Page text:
8.2 C
New York
Monday, May 23, 2022
HomeWorldUSCathy Boudin, "Radical Prisoners" in fatal robbery, died at 78

Cathy Boudin, “Radical Prisoners” in fatal robbery, died at 78

Kathy Budin, who like a member of radical Weather Underground of 1960s and 70s took part in murderous heist 1981 of Brink’s armored personnel carrier truck and then, in prison and after his release two decades later helped fellow inmates struggling get your life on track, died on Sunday in New York. She was 78 years old.

cause had cancer, said Zaid Dorn, whose family received Mrs. Boudin son Cheza Boudin.

On a March day in 1970, Mrs. Boudin took a shower in the townhouse. on West 11th Street in Greenwich Village when the explosion destroyed the walls around her. She and her fellow extremists made bombs there, the intended target is believed to be the Fort Dix army base. in New Jersey. Three of they were killed on place. Naked Mrs. Boudin managed to escape with colleague and found clothes and a brief shelter in home of woman living down block.

Then she disappeared.

A few years later, the Weather Underground did the same. Breakaway faction of left students for A Democratic society, it called itself Weatherman, borrowing from Bob Dylan’s 1965 Subterranean Homesick Blues. song with lyrics “You don’t need meteorologist to know which way the wind is blowing.” Title evolved at the Weather Underground.

In that era of turbulence over civil rights and the increasingly unpopular Vietnam War, group set off bombs at the US Capitol, NYPD headquarters and other buildings. Anyway, it was more adept when issuing long manifests loaded and lead with references to Karl Marx, Che Guevara and Ho Chi Minh and the statement world”main struggle as that “between American imperialism and national liberation struggle against This is.”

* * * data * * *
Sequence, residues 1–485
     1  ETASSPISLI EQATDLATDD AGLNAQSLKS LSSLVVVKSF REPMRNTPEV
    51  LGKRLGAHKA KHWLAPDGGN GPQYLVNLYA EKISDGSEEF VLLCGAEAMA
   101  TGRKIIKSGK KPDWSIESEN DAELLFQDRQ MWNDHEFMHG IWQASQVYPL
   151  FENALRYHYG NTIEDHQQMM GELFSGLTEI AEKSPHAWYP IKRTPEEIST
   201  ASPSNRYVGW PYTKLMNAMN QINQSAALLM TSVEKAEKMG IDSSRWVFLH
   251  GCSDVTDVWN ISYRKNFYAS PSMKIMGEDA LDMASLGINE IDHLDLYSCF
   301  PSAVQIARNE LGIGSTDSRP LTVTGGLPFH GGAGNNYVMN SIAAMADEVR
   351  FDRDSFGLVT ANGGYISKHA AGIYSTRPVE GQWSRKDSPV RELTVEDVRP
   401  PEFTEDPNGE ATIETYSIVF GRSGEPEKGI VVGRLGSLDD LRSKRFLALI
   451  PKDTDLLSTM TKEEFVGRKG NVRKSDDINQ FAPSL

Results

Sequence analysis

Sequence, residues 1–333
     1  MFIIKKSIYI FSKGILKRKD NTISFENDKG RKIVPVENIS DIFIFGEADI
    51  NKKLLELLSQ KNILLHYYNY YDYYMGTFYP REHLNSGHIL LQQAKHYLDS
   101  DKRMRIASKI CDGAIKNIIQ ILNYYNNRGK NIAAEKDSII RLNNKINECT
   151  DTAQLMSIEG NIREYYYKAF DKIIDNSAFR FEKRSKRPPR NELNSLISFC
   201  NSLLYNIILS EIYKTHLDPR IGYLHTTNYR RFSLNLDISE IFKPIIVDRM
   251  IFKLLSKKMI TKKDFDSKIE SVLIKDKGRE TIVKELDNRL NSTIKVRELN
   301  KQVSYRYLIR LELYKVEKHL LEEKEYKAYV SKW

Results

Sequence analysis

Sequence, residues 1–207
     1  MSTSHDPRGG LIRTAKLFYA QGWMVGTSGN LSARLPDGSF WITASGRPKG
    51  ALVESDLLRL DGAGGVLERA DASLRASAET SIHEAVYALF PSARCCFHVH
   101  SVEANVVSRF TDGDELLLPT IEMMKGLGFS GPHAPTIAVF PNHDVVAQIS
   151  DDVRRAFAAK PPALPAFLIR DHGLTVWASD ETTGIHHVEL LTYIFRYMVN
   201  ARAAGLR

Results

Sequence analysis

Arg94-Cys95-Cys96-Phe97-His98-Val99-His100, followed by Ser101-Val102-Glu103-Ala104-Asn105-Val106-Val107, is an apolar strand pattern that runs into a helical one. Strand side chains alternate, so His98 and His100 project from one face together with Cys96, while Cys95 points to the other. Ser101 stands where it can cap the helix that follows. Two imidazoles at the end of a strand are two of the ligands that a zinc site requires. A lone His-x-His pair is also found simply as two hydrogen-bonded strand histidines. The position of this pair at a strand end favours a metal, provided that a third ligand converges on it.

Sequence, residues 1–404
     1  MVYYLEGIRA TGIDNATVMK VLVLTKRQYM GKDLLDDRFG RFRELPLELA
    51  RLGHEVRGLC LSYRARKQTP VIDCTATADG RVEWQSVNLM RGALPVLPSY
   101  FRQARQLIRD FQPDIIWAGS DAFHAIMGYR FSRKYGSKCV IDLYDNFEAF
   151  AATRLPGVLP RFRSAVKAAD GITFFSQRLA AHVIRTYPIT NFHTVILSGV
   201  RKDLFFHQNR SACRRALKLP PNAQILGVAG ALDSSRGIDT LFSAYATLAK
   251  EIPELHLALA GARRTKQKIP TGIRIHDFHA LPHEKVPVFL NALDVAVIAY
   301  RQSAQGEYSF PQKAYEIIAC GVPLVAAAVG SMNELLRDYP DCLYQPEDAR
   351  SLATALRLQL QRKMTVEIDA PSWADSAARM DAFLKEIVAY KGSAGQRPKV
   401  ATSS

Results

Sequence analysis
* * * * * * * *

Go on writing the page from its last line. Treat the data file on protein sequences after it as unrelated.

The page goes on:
When the Weather Underground died out by the mid-1970s, when the war ended, its leaders, one one came out of hiding face legal implications of having been on FBI most-wanted list.

Not Miss Boudin (pronounced boo-din). “The status itself of being underground was an identity for me,” she recalled many years later. in interview with New Yorker at Bedford Hills Correctional Institution in Westchester County, New York, where she ended up in jail. She continued, “I made a difference in no way so i climbed up great importance fact that I was underground.”

It’s over in October 1981 when she teamed up up with armed men from another radical group Black Liberation Army, keep up Brink truck in Rockland County, New York, manufacturing off with $1.6 million. During the robbery, gunmen killed security guard Peter Page. They passed cash at U Haul truck who was waiting about a mile away. Miss Boudin was in Taxi of in truck38-year- an old white woman who serves as a decoy to confuse the cops who are searching for Black men.

U-Haul was stopped by the police at a roadblock. Ms Boudin, who did not carry weapons, immediately surrendered, with his hands in in air. But the militants jumped out of back of in truck and opened fire, killing Sergeant Edward J. O’Grady and Officer Waverly L. Brown. Though some accused her of surrendering as a tactic to get the police to lower their weapons before being attacked, Ms Boudin insisted that was not the case.

More than half-a dozen suspects were captured and most of them were handed over prison terms long enough to amount to life imprisonment. Among them was David Gilbert, whom Ms Boudin married after their arrests and with whom she had a son, who was 14 months old at the time of Brink’s work. Divorced in prisonthey reunited in In 2021, after Mr. Gilbert’s 75th birthday, the sentence was commuted and he was released. Chesa Boudin, raised by a pair of Weather Underground members, Bernardine Dorn and Bill Ayers, was elected District Attorney of San Francisco in 2019. Both of hers husband and son survive it.

After rounds of legal battle, Ms Boudin pleaded guilty in April 1984 to first robbery and second-degree murder in in death of Mr Page. Although unarmed and not even present at the scene of the murder of the guard, the judge agreed with prosecutors that she was responsible, and sentenced her to prison term of 20 years of life.